Turnarounds seldom turn.
That means you should look and even bet on stocks in turnarounds.
If turnarounds usually do not work, expectations are low. This means the vast majority of investors have sold the stock. Your downside in the stock is limited.
When expectations are low, the stock only needs a little shift in expectations to move higher. Your upside is potentially large.
Heads you win. Tails you don't lose much.
Why wouldn't you like those odds?
You won't need the turnaround to work. All that is needed is a slight shift in expectations that it would work.
Some stocks in turnarounds have a better chance to move than others. Economic tailwinds, recurring revenue, and active equity owners can shift the odds in your favor.
Cyren Limited (NASDAQ: CYRN) is a stock in turnaround worth betting on.
Cyren provides SaaS-based cybersecurity products that detect malware, phishing, and other threats.
I am no expert on cybersecurity. All I know is that the industry progresses rapidly. Cyren appears to have lagged behind its peers for years, but it has survived because of how its products are distributed. Cyren's products are built into software sold as a bundle to enterprises, allowing the company to ride on coattails.
This strategy worked until the rise of hacking and large ransoms motivated CIOs to scrutinize and demand better cybersecurity.
Revenue stagnated and declined starting in 2014. Warburg Pincus, a large venerable private equity firm, bought a 50% stake in 2017, perhaps attracted by recurring revenues from enterprise contracts, low valuation (~2.2x ttm sales vs 5.3x peak), and the potential for large profits from a turnaround.
Investors were very optimistic about Warburg's involvement, sending the stock 33% higher a month after. For the next two years, they were right. Warburg pushed for more software bundling and larger contracts, restarting revenue growth.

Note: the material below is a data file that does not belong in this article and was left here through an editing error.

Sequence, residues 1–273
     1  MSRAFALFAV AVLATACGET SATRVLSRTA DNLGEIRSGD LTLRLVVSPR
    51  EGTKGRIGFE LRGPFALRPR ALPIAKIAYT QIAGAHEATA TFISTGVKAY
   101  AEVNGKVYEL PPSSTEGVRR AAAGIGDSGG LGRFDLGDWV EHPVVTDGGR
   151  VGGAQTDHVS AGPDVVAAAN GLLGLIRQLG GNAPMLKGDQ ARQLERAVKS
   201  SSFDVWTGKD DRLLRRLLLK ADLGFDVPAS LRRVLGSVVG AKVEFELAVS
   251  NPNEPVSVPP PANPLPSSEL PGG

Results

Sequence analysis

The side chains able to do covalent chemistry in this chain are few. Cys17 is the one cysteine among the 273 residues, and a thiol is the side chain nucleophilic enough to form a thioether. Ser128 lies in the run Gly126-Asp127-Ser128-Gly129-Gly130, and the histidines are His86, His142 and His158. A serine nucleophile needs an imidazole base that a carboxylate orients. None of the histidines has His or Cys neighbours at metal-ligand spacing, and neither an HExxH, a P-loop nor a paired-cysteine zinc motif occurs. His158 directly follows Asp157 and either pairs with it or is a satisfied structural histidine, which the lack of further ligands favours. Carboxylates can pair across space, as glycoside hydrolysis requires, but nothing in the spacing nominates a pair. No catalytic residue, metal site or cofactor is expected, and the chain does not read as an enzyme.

But the core issue of lagging technology was never solved. Revenue peaked in 2019 and declined after, even during Covid. Covid started the work-from-home movement and boosted the demand for enterprise cybersecurity (that extended into homes). But Cyren was one of few SaaS companies that failed to capture the tailwind.
Warburg appeared to have stumbled in Cyren. Why should anyone bet on it succeeding now?
Because expectations have never been lower.
Very low expectations mean the stock only needs a bit of optimism to move higher.
Cyren trades at .95x net cash and .63x book, on a fully diluted basis (excluding 'busted' warrants with >$10/sh strike prices that won't be redeemed for a long time, if ever) and after the sale of a segment for 10m euros. This is a stock that has traded mostly >2x book (more than 3x higher from current) since 2010.
At the start of Warburg's involvement, Cyren traded at 4x sales and 6x GP. Now it's only .5x sales and 1x GP.
No one expects Cyren to turn around, which is exactly the right time to bet on it.
Amidst the gloom, the company came up with a new anti-phishing product that has doubled revenues in the past year. The new product was so promising that a legacy business was sold to raise capital for it.
The new product may result in the optimism that the stock needs to move higher.
Warburg bought most of its stake at $40-50/sh (split-adjusted) in 2017. The stock has declined 95% to <$2/sh now. But Warburg still owns about 30% of Cyren. I think the firm would stick around to support the stock and minimize losses. Otherwise it would have exited long ago.
In Greek mythology, Sirens are half-bird, half-beautiful maidens that sang to lure passing sailors to their doom. But for this Cyren, I am heeding its alluring call.